Eli Ridder | Report

Possession and use of recreational cannabis became legal in Canada nationwide as each time zone ticked 12 a.m. on Wednesday morning, with the first wave of permissible purchases taking place on the east coast.

The only way residents can buy marijuana in the province is through the online Ontario Cannabis Store until April 1 of next year, when retail locations will come into effect.

The legislative process of legalization was a long, hard fought one that was spearheaded by the Liberal Party under Justin Trudeau. The party added legalization and decriminalization to its official policy in 2013, and has been working to bring it into force since it took Ottawa in 2015 in the federal election.

Canada is the second country in the world, after Uruguay, to fully legalize cannabis. However, other countries such as the Netherlands have decriminalized it, effectively allowing a market to form.

In Ontario, the cannabis market will spread to private retailers at the start of next April, under the new direction mandated by the Doug Ford government, breaking with the plans of the previous administration to sell pot through an LCBO subsidiary.

Rules on cannabis: Toronto Star stat sheet


Where can you smoke?

The rules over legalization vary province by province, and even some municipalities set their own. In Ontario, only those age 19 or older can buy or smoke recreational marijuana, much like alcohol.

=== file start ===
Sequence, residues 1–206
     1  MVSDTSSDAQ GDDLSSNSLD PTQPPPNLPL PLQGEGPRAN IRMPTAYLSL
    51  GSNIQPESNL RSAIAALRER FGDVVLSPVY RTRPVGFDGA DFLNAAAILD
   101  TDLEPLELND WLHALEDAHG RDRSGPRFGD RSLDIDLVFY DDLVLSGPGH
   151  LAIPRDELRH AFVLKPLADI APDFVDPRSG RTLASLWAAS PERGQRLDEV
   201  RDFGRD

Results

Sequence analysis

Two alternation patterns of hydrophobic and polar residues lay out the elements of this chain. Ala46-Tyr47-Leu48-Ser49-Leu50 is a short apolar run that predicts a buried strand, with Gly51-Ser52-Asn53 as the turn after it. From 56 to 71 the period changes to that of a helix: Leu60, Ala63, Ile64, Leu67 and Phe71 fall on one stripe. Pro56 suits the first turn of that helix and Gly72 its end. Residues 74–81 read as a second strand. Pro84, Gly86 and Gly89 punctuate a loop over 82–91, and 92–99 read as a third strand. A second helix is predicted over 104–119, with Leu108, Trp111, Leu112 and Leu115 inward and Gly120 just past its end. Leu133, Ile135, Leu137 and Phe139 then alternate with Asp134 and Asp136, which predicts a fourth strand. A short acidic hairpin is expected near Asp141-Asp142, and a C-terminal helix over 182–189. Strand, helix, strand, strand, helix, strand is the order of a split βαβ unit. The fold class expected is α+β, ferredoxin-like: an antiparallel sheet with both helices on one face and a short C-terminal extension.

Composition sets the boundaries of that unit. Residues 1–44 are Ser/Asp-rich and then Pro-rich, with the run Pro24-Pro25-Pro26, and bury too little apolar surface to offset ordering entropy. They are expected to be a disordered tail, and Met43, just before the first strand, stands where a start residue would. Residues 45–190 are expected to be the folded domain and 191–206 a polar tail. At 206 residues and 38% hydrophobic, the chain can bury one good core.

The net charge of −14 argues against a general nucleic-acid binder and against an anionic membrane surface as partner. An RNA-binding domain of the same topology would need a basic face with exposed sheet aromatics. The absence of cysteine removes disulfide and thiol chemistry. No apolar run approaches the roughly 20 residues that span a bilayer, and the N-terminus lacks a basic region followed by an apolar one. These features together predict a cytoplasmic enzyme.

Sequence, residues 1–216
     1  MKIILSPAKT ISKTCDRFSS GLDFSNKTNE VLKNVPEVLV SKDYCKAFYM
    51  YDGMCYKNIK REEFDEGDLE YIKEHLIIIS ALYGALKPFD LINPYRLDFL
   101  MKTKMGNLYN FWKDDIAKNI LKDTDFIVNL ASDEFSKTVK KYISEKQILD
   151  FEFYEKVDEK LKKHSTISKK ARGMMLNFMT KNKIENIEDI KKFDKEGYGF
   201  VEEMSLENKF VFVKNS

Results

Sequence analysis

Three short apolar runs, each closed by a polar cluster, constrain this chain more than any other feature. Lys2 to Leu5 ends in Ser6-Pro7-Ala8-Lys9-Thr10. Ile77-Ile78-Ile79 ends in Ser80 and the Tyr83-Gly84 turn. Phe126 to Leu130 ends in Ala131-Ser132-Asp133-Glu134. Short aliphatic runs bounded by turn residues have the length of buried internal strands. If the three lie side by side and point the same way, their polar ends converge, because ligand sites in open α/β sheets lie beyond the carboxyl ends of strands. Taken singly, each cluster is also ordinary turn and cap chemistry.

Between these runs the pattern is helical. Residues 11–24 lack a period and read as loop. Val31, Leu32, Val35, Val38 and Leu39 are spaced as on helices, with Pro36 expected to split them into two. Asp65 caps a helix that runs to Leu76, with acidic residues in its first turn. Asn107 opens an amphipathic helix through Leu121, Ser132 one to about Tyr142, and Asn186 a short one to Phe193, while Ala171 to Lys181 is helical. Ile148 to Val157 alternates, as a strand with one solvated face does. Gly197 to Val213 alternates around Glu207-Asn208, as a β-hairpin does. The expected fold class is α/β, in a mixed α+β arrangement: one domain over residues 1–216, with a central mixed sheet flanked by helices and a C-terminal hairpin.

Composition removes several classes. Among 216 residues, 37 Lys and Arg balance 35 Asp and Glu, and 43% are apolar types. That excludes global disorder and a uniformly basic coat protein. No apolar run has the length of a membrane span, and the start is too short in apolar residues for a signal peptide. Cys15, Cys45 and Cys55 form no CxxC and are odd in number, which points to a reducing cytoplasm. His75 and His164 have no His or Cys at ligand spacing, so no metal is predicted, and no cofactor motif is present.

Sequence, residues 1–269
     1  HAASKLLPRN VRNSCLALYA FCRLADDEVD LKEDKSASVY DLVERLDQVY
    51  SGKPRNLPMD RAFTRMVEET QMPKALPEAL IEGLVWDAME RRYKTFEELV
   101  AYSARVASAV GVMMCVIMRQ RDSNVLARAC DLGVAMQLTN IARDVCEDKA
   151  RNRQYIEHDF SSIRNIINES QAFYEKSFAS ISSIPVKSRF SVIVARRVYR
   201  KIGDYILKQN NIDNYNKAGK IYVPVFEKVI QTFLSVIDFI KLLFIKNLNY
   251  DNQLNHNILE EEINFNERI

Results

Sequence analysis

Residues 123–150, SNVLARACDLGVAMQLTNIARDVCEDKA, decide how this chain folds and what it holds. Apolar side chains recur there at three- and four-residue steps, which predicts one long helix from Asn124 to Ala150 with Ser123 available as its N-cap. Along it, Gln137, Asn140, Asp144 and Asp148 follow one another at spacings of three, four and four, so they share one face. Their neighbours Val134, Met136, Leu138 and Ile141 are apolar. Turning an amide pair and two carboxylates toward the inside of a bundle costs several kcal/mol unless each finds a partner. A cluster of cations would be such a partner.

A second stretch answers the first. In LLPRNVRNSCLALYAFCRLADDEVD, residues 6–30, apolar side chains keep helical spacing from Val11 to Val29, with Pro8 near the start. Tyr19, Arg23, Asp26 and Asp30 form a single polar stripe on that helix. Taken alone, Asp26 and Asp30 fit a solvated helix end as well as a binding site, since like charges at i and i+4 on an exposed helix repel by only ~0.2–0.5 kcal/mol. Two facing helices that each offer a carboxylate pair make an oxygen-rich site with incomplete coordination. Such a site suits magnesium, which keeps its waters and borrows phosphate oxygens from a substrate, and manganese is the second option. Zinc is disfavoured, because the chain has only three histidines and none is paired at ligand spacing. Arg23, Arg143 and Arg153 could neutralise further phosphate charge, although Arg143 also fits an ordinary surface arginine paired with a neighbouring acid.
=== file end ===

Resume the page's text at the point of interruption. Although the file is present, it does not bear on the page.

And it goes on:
The provincial government has proposed legislation to make it legal to smoke cannabis essentially anywhere that one can smoke tobacco. It is against the rules to smoke in vehicles, at the workplace and near publicly owned sports facilities.

When it comes to campus, students will not be allowed to smoke on University of Guelph-Humber or Humber College grounds or facilities as they are public institutions where smoking is strictly prohibited.

However, those of age can possess up to 30 grams of dried cannabis in a public space, and there is no limit for possession or use while someone is in their own private residence.


More details to follow.

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Written by Eli Ridder

Eli Ridder is a journalism student at the University of Guelph-Humber and a senior correspondent for multiple independent publications including, but not limited to, The Anon Journal, Berning Media Network and the Ribbon. Find out more at eliridder.ca

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